Approved scriptural translations


#1

Was wondering if there are any approved Catholic bible translations using the more classical form of the English language? I’m actually quite fond of the “thees” and “thous”. Obviously the King James Bible contains this BUT it is of course a translation our Protestant brothers and sisters use and therefore is unapproved and obviously missing books essential to Catholic cannon. Also looking for a translation that could be described by some I suppose as “difficult to read”. I’m well read and tend to relish complex and unorthodox wording. Thanks to all who answer
-Raphael


#2

Look for a Douay-Rheims Bible. :bible1:


#3

haydock1859.tripod.com/


#4

If I recall correctly, the RSV-CE retained the ‘thee’ and ‘thou’ language (while the RSV-2CE – the ‘second edition’) replaced them. You might want to look for the RSV-CE, then. Just make sure it’s the RSV-CE (“Catholic Edition”) and not only RSV, and that it’s not the 2nd edition…


#5

=ServusHumilis;12451056]Look for a Douay-Rheims Bible. :bible1:

HERE IT IS:)

drbo.org/


#6

The Knox Version would also be a great alternative to the D-R. You can read it online on New Advent’s Bible page.


#7

Very archaic,very literal: Douay
Moderate archaic/literal: Confraternity NT/Douay OT (psalms can be either Douay or new latin psalter). Any Confraternity OT will not have archaic in those sections. A used Catholic Book Publishing Company edition 1952 or earlier is best imho.
Moderate archaic/poetic: Knox
Light archaic/literal: RSV non-second edition
Archaic/a translation nobody else in your parish uses: Westminster NT/Psalms with the Douay OT published by Hawthorne in 1958 or 1965.

I think thats it for translations that are complete Bibles with archaic english.


#8

There are some KJV that include the Apocrypha.


#9

This is true, in fact I believe the KJV originally included the DC books, and it wasn’t until later that they were removed. Of course even an edition “with Apocrypha” is still not an approved Bible translation by the Catholic Church. This doesn’t mean Catholics can’t read it, but since the OP asked specifically for approved versions I feel the D-R, Knox, or MAYBE RSV Catholic Edition would be more along the lines of what is desired. But yes good point about the KJV including the full Catholic canon.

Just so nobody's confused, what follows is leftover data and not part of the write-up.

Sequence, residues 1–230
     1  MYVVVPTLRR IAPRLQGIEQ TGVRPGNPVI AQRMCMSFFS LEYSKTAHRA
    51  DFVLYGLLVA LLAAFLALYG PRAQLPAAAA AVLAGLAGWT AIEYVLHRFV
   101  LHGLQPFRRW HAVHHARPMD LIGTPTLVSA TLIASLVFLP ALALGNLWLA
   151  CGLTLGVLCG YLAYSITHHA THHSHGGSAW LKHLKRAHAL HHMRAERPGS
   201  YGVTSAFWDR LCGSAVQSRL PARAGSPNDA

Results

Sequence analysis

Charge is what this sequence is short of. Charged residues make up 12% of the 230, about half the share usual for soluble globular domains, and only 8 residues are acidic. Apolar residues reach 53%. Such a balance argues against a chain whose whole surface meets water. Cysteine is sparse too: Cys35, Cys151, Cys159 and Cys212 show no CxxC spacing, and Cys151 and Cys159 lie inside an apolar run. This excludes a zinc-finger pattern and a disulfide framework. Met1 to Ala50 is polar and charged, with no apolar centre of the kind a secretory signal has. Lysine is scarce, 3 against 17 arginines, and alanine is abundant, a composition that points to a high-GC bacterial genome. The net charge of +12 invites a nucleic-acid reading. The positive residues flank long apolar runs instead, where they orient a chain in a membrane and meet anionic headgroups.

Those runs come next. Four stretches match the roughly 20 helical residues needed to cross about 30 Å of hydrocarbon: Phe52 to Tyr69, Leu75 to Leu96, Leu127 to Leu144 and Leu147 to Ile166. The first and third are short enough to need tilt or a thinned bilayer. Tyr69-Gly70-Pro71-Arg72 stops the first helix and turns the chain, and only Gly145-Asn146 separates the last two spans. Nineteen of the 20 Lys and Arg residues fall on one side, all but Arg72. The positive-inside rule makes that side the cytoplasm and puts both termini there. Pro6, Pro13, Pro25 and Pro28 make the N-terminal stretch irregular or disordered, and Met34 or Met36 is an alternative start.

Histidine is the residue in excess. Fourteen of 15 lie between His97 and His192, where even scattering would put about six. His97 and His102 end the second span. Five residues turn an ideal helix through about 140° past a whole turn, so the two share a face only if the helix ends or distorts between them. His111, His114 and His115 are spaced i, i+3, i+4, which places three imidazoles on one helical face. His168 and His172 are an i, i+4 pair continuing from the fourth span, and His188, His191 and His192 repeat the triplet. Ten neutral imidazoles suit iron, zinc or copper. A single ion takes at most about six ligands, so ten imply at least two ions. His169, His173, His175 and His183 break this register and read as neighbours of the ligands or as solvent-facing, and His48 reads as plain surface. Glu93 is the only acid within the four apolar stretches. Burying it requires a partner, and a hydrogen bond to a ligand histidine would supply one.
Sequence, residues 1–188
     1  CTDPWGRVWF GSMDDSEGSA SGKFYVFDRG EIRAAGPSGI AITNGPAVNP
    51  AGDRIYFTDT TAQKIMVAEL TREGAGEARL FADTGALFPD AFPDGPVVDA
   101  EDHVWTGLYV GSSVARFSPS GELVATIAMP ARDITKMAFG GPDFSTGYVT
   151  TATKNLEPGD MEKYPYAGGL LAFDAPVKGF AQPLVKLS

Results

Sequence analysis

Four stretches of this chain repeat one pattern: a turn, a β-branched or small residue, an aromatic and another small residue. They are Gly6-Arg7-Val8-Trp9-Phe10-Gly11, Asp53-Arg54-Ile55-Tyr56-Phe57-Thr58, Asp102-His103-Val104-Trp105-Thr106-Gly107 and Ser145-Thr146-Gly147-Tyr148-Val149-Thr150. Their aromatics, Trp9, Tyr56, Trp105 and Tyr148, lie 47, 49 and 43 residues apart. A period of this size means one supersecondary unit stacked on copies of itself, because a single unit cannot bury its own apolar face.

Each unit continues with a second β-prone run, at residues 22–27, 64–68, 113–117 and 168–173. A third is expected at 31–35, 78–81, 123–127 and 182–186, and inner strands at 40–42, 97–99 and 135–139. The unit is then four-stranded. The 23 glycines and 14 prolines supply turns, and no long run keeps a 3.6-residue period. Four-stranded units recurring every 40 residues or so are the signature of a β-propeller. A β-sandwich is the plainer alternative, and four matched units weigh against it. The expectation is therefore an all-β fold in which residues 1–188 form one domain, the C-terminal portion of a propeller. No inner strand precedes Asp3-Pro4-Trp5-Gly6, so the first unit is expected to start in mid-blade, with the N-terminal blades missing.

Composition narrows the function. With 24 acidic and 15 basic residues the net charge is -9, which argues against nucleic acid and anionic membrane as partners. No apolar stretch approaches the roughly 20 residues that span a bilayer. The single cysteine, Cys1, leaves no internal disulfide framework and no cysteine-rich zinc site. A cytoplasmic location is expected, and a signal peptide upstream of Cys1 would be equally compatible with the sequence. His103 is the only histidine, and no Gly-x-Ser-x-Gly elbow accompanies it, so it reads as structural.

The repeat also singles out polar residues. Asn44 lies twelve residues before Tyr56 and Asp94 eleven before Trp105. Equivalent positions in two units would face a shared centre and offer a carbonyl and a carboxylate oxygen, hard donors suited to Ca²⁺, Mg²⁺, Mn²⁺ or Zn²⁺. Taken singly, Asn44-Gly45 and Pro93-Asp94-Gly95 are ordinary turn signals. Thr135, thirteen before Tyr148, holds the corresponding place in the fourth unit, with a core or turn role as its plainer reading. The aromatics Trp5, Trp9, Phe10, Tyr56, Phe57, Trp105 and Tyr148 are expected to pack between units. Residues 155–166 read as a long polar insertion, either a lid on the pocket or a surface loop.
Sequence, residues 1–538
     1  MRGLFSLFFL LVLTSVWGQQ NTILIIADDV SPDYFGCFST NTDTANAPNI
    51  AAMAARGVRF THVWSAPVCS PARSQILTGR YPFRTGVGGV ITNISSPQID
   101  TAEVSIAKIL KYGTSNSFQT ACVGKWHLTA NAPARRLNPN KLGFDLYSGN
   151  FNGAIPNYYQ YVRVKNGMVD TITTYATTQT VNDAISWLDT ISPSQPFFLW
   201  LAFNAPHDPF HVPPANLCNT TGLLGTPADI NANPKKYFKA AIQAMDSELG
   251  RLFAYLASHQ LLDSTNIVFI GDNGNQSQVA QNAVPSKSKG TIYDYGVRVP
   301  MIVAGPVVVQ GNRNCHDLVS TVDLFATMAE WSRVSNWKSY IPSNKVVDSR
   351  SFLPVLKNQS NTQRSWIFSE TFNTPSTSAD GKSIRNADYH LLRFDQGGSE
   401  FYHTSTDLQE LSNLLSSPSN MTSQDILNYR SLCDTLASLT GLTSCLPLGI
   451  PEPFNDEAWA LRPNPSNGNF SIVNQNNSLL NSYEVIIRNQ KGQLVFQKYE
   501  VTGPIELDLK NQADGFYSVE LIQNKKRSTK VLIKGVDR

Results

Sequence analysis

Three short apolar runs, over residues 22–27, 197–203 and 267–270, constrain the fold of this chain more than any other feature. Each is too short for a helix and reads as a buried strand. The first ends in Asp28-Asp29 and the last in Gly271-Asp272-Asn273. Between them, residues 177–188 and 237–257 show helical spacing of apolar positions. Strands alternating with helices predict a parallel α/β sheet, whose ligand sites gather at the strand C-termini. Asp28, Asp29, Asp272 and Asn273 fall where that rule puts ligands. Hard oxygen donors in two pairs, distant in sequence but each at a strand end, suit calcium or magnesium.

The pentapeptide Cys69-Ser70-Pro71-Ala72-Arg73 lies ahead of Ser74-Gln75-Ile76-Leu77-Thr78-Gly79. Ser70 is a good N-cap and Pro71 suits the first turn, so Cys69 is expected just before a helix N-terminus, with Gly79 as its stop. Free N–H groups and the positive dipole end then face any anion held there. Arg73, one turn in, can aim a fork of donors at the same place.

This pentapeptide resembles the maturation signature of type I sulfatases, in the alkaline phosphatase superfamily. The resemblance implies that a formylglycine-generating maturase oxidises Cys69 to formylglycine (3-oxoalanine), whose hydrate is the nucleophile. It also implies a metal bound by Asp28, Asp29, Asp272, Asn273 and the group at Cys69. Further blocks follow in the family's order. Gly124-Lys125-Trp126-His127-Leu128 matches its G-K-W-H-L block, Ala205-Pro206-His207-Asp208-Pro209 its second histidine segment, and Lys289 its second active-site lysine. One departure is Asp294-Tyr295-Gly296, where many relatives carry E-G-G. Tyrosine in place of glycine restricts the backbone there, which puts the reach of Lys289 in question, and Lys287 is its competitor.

#10

The KJV included the “Apocrypha” until the 19th century!


#11

Well I found a few of these and guess what?

They are so rare they’re selling for more than $250.00 !!!

YOWSER! :mad:


#12

This edition of the RSV-CE for $17 does not include the word “second” before Catholic edition, but of course I cannot claim to know anything about the product or website. It might be the second edition and just not say it, but if you’re interested in the RSV-CE keep looking, $250 is absurd- I’m sure you can find it cheaper.

Additionally BibleGateway has one that says “Catholic edition” and not “second Catholic edition” that can be read free online, but again I’m not sure what it really is.

Finally, here’s a website with the KJV DC books that can be read online. Again, this is still not an approved translation.


#13

:wink:


#14

of the RSV-CE for $17 does not include the word “second” before Catholic edition, but of course

That’s IT! I’d prefer some sort of leather binding-- those were the expensive ones.

BTW-- I think you can find out if it’s the first edition by looking at the publication date. Thus far, every first edition has had the publication date of 10/2009. Of course, I could be wrong, but that seems to be the trend. There’s probably a difference in the ISBN as well.

THANK for the find!

P.S. I hate depending on online versions. My tin foil hat has led me to believe that someday the entire infrastructure of this country will, in some way, cease for a while. :wink:
I like something I can carry with me incase I have to bug out! :smiley:

The Second Catholic Edition will say Second Catholic Edition, and all Second Catholic Editions are currently published only by Ignatius Press. If it’s from St. Benedict Press, it will be first Catholic Edition.

Also note that the RSV only uses thees, thous and thys when addressing God in prayer (e.g. with the Psalms, “Thou O LORD…”) but conversations between people are in the modern second person (you, you and your).
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#15

Also note that the RSV only uses thees, thous and thys when addressing God in prayer (e.g. with the Psalms, “Thou O LORD…”) but conversations between people are in the modern second person (you, you and your).

This was important to me-- thank you for that. I’ll probably get the paperback first then…


#16

I just got my Knox Bible last week, I absolutely love it. I think you will feel very comfortable reading it.


#17

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